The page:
Earlier this week, I had the fortune of being able to attend the Switch and Play Preview Tour in Chicago. What I experienced there reassured me that my initial hesitations about the Nintendo Switch were mostly unfounded, but also made me more aware about some of the design flaws that I will have to keep my eye on come March.
In this post, I’m going to address every individual issue that I had with the Switch hardware and software, one topic at a time.
I’m going to be honest, I had a nagging feeling for a while about the build quality of the device, especially pertaining to the actual Joy-Cons. I knew that the tablet portion of the console would be rock-solid, and it certainly was, with a sort of compact density to it that gave it a premium-feeling heft. Definitely not anything like the Wii U’s bulky, plasticky controller. The Joy-Cons, however, I had my doubts about.
Based on the Nintendo presentation a couple of months ago, it looked like Nintendo had packed so much technology into their Joy-Cons that they forgot to attribute a solid build quality to them. I didn’t expect much going in when I tried out Zelda and other more traditional games (they were attached to the Switch and felt like standard button inputs, like the ones on a 3DS XL). The real test was with ARMS.
When the console attendant gave me the controllers to hold (and wrapped them tightly around my wrists, in a manner reminiscent of the original Wii controllers) I couldn’t help but feel that they were way too light. I could barely feel them in my hands. Really though, they are incredibly light, and that ‘premium feel’ of the Switch tablet portion is completely lost when holding these separately, one in each hand.
That said, the actual experience of holding them sideways in my clenched fists felt far better than doing so on the Wii remotes. I realized the reason for this was because of the lightness. The button placement is about what you’d expect from a controller of that size, but as I found out quickly when playing Mario Kart 8 using a single Joy-Con, the L and R buttons are unbelievably uncomfortable to use without the wrist strap accessory (which comes with the console this time!). They are recessed for some reason, making it an absolute chore to reach. What surprised me most however, was how normal the experience was on the other buttons and joystick. Despite the extremely cramped layout, the buttons felt ‘right’ and the joystick was springy and responsive, rather like the one on the GameCube.
Yes, it is small. No, it will not function as a permanent single-player controller. But it’s a great solution to quickly offer a friend a controller on the go. Think about it this way: it’s the only console I can think of that has ever offed multiplayer on a single screen right out of the box. Not even the Wii came with a second controller. To me, that’s a bargain, even if the Joy-Cons are a little cramped.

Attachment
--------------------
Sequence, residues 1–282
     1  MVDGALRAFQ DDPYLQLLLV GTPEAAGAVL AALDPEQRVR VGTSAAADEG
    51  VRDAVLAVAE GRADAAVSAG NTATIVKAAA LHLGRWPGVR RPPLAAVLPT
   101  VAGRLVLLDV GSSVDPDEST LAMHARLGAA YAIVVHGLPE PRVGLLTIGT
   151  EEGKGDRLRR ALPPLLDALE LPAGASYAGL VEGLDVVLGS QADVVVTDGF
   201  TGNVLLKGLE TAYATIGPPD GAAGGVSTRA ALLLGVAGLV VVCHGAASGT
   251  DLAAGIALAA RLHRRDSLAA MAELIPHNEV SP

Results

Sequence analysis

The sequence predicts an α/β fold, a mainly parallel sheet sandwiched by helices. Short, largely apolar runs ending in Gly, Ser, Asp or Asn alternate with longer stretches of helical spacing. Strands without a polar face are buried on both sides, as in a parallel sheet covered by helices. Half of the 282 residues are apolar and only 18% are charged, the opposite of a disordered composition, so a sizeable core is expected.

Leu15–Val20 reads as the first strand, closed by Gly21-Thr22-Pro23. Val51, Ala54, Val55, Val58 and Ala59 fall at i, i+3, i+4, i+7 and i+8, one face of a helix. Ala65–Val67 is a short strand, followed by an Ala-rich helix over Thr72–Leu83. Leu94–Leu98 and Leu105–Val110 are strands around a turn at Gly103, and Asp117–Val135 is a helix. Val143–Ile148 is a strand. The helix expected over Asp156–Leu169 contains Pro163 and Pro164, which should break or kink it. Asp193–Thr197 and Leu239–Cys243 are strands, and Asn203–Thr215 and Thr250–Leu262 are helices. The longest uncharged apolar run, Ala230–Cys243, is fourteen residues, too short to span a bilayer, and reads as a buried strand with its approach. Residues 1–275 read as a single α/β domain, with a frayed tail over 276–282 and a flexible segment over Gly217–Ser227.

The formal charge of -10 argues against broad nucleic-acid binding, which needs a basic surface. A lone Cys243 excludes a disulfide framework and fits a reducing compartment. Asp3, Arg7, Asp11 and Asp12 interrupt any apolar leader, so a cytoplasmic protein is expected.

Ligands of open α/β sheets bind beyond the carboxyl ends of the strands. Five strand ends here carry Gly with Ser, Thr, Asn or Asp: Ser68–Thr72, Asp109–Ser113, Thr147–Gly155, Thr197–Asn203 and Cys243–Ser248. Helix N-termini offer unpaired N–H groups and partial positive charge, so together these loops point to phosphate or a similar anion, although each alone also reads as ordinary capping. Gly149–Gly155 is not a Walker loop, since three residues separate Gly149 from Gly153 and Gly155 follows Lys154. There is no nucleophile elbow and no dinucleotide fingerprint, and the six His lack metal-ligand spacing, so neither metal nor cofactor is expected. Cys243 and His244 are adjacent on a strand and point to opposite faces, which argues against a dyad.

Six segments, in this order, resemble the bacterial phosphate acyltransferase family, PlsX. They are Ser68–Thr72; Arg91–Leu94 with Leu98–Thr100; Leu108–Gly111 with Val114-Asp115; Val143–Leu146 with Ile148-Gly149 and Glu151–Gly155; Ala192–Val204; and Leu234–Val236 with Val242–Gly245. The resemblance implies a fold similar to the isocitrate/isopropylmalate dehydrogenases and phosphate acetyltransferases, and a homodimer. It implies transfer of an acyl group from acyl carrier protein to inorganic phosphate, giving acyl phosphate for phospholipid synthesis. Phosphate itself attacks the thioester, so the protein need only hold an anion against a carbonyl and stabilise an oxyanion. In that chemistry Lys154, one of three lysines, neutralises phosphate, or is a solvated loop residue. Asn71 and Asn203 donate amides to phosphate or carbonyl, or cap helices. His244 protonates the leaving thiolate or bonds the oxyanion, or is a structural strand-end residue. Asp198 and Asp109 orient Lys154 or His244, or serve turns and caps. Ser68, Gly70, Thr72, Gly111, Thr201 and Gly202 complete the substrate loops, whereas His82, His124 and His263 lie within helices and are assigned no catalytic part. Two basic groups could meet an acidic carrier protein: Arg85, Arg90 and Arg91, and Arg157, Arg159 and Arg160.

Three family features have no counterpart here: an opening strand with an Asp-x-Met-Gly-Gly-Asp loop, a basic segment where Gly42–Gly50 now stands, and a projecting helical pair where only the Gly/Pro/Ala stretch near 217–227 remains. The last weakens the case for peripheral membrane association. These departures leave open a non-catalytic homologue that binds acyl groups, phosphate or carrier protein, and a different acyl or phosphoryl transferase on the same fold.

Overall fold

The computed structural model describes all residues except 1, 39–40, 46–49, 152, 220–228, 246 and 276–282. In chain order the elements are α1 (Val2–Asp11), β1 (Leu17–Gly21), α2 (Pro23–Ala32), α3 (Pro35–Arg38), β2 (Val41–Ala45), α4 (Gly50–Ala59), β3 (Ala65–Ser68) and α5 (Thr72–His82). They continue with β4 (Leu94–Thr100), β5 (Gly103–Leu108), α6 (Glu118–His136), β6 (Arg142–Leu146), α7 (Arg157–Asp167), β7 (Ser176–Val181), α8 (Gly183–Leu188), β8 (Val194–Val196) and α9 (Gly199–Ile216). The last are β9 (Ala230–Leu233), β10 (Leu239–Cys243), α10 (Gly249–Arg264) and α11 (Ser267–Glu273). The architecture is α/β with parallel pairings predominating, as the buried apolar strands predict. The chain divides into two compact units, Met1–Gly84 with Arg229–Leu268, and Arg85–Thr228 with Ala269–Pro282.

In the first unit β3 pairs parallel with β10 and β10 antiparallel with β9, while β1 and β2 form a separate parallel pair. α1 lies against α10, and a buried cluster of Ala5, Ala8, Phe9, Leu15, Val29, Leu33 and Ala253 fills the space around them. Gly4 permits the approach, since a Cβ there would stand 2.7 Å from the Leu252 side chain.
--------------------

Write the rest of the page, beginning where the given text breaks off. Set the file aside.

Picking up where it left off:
This is where the review starts sounding like an advertisement. I swear, no one’s paying me!
The experience of playing on the tablet is FANTASTIC. The screen is bright, clear, crisp, and has a ridiculous range of viewing angles. I actually had to ask the event staff about the tech behind the screen, because as far as I could tell, there was a less than 25% color loss when viewing from extreme angles. That is impressive. Given the recent IPS/TN debacle on the New 3DS XL, this is a great change of pace.
The tablet itself is weighty enough to make it feel like a small iPad (it actually felt a lot like Google’s fantastic Nexus 7), but not heavy enough to tire your hands out. It’s heavier than the 3DS, and not exactly pocket-sized, so it’s less portable than older devices, but that is a small price to pay for what it offers. And speaking of what it offers…
The ability to play full games on the go in all their glory (at 720p, which looks fantastic by the way) is something that really needs to be seen to be believed. It is bizarre but satisfying to see the exact image, with barely any change at all, transferred over to the Switch immediately when removing it from the dock. I timed the process with The Legend of Zelda: Breath of the Wild, and it literally took two seconds to appear on the Switch. Three when putting it back. That’s phenomenal.
There were some negatives and neutrals that I couldn’t shake, however. The charging port for the tablet is annoyingly placed on the bottom of the unit, which is the single worst design decision about the device. There is no feasible way to charge it while playing it on its kickstand. Hilariously, Nintendo seemed to realize this, and in their little display areas (one designed like a diner and one like an airplane) they had holes drilled into the surfaces they were playing on. Not something that would be there in real life. I’m certain that in the few months after release, there will be a third party router plugin that will allow you to connect it from the back or the side. But that shouldn’t be a purchase that has to be made in the first place.